What makes a city a great place to live? Is it the commute, property prices or good conversation, asks Charles Montgomery, whose book Happy City explores the intersection between urban design and hedonomics, the science of urban happiness.
It helps if a city allows for bicycling and walking, he says. These are gentler modes of travel than cars, rushing monarchs of the road. Bicycles help to connect with the urban landscape at a more intimate level. Getting on your bike and out of the car means going slower, with the notional time to smell the flowers. Montgomery goes on to describe a bicycle trip through the Colombian capital Bogota with its so-called mayor of happiness Enrique Penalosa as he picked up his son from school. “Here, in the heart of one of the meanest, poorest cities in the hemisphere, father and son would roll away from the school gate for a carefree ride across the metropolis,” Montgomery writes.
The sentence sums up the remarkable transformation wrought by Mr Penalosa through his bicycle revolution. It turned a city infamous for narco-terrorism, pollution and chaos into a globally lauded model of livability and urban renewal.
So how did he do it and can it be replicated elsewhere? Back in 2000, Mr Penalosa started car-ban days in Bogota. It resulted in fewer traffic accidents and hospital admissions. He abandoned an ambitious highway expansion plan and poured his budget into hundreds of kilometres of cycle paths and the world’s longest “pedestrian freeway” instead. The toxic haze over the city started to thin and for Bogotans, a metaphorical rainbow appeared in the sky. Many of them would later tell pollsters that they felt more optimistic about city life than in a long time. Years later, when Nairo Quintana finished second in the Tour de France, the best ever showing by a Colombian cyclist in the world’s most famous bike race, Bogota, his home. was reconfirmed as a great biking city.
Bogota’s experience should give pause for thought to anyone concerned about the 20th century’s seemingly immutable legacy – old cities that have been reoriented around cars and newer ones that follow convention and are built to allocate maximum space and leverage to automobiles. Reclaiming urban space for pedestrians and bicyclists (who are really walkers on wheels) is an issue that must concern us all. As of July 2014, the majority of people on this planet live in cities rather than in rural areas and by 2050, the number will increase to a full two-thirds of humankind.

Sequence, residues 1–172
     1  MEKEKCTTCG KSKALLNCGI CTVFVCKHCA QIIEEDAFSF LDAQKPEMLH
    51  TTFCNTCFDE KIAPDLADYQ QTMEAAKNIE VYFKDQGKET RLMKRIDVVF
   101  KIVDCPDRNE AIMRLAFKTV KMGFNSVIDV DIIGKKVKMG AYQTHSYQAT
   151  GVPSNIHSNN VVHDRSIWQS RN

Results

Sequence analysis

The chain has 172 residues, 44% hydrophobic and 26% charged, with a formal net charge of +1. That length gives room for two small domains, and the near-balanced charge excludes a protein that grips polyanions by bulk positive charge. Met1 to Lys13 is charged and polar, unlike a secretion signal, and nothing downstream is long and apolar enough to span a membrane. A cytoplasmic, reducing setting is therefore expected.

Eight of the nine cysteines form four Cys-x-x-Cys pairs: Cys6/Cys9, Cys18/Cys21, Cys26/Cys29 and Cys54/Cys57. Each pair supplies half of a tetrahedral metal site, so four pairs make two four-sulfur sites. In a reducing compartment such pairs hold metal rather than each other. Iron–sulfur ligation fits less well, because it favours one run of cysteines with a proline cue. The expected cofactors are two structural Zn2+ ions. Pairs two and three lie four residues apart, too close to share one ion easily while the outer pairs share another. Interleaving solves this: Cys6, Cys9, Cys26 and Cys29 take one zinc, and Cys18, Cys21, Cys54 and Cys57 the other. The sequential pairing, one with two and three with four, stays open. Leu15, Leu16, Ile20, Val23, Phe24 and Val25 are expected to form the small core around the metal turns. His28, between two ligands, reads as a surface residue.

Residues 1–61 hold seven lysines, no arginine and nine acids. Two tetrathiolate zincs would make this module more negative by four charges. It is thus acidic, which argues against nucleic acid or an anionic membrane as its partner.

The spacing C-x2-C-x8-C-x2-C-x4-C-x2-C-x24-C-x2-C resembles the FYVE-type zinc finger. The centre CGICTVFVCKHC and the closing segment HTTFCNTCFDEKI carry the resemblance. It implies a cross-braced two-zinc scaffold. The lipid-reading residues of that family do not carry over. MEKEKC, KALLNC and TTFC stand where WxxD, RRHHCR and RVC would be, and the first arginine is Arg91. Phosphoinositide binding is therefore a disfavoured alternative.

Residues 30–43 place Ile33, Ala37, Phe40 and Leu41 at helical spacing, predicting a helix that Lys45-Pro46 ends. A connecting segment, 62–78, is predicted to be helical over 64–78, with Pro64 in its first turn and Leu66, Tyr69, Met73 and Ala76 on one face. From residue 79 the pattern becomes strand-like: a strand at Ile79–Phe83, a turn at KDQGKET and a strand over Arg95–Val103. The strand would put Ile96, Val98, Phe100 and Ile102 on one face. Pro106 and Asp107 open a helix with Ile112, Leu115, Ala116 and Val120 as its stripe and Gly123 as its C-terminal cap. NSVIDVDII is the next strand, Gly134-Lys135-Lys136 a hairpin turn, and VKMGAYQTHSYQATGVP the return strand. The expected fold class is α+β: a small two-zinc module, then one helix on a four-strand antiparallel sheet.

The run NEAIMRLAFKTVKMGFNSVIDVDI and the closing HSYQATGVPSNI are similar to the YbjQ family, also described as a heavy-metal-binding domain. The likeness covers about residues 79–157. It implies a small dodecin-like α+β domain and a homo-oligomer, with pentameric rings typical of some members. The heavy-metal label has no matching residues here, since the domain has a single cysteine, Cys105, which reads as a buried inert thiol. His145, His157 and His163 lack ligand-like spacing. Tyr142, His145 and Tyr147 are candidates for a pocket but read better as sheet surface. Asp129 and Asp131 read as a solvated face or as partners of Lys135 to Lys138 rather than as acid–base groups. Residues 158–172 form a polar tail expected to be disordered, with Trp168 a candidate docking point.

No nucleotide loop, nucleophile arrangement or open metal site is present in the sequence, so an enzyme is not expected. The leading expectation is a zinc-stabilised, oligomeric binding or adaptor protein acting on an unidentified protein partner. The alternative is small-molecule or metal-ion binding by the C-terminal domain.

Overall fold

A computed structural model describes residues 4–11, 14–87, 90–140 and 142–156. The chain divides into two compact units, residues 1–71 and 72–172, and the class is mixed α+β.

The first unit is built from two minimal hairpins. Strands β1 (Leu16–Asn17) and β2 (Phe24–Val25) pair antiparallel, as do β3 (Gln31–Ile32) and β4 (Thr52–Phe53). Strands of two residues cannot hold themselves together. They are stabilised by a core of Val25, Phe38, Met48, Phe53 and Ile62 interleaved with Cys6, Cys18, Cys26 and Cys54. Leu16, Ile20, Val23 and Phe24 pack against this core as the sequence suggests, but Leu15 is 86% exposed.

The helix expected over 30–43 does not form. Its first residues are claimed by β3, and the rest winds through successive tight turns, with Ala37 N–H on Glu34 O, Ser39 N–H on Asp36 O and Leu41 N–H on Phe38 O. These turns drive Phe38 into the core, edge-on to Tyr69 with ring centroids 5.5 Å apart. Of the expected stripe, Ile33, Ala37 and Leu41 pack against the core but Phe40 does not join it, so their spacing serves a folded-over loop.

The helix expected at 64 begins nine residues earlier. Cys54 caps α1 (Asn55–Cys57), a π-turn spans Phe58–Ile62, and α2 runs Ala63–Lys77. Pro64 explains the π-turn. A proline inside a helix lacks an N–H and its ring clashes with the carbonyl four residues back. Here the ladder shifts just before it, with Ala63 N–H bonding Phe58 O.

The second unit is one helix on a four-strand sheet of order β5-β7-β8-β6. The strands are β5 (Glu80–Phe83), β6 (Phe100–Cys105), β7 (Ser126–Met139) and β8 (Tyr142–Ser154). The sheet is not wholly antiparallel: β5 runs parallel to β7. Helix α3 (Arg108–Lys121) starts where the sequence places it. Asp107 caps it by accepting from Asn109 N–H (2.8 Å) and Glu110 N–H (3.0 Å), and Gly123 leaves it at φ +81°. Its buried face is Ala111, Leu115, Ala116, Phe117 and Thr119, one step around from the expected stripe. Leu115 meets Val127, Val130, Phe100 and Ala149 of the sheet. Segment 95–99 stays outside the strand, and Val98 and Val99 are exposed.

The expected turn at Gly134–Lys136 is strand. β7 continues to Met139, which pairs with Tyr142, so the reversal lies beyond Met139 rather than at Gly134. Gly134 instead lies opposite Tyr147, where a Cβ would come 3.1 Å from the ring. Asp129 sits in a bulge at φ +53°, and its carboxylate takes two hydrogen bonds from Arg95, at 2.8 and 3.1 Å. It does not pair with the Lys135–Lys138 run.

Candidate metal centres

Unsurprisingly, cities around the world are competing to be seen as liveable, and in hip urban-speak, “multigenerational and for life”. What does that mean? Good public transportation, of course, and easy access pretty much everywhere for the old and disabled. Good conversation too, going by Montgomery’s question above. More crucially though, it means the self-assured and happy representation of different age and wage groups in public spaces. That means on roads just as much as in parks, and that car drivers share space with bicyclists and walkers. Urban inclusiveness has to extend to all modes of transport.
Older cities like London, Paris, Hamburg, Berlin and Antwerp have managed part of the transformation to a cycling culture by some or all of the following: painted cycle lanes, separate cycle tracks where feasible, bike-share schemes and cycle parking facilities at key places. Last July, Helsinki announced that it would transform its existing public transport network into a comprehensive, point-to-point “mobility on demand” system by 2025, which would knit together shared bikes, driverless cars, buses and ferries. In theory, the Finnish capital’s planned mobility mesh would be so good nobody would have any particular reason to own a car any more, at least for urban commuting.
So far so bold. But it is the story from Seville, Spain’s fourth largest city that is the most encouraging. Barely eight years ago, the city authorities decided to promote cycling in sheer exasperation at the four-hour long daily rush hour. It was condemned and mocked. Many penetrating questions were asked about who might be lunatic enough to ride through one of Europe’s hottest regions at the height of summer? Would office-goers not prefer to travel in cars and buses and arrive at work cool and fresh rather than damp and sweaty?
The city authorities paid no heed, establishing 80 kilometres of cycle lanes within a year and commissioning a municipal bike rental plan called Sevici. By 2012, bike journeys had gone up from less than 0.5 per cent of all daily trips to about 7 per cent. And Seville now has a cycling culture of sorts.
So it can be done, even in the most unlikely settings so long as a city is daring enough to accept the logic of re-imagining itself. American writer Guy Davenport once described the difference between the Parthenon and the World Trade Center, between Sophocles and Shakespeare and between a bicycle and a horse as thoroughly “explicable by historical moment, necessity, and destiny” but above all, by “a difference of imagination”. Incongruous though it may seem in the digital age, the salvation of cities may lie in the low-tech bicycle. Let’s find out on #CycletoworkUAE day.
On Twitter: @rashmeerl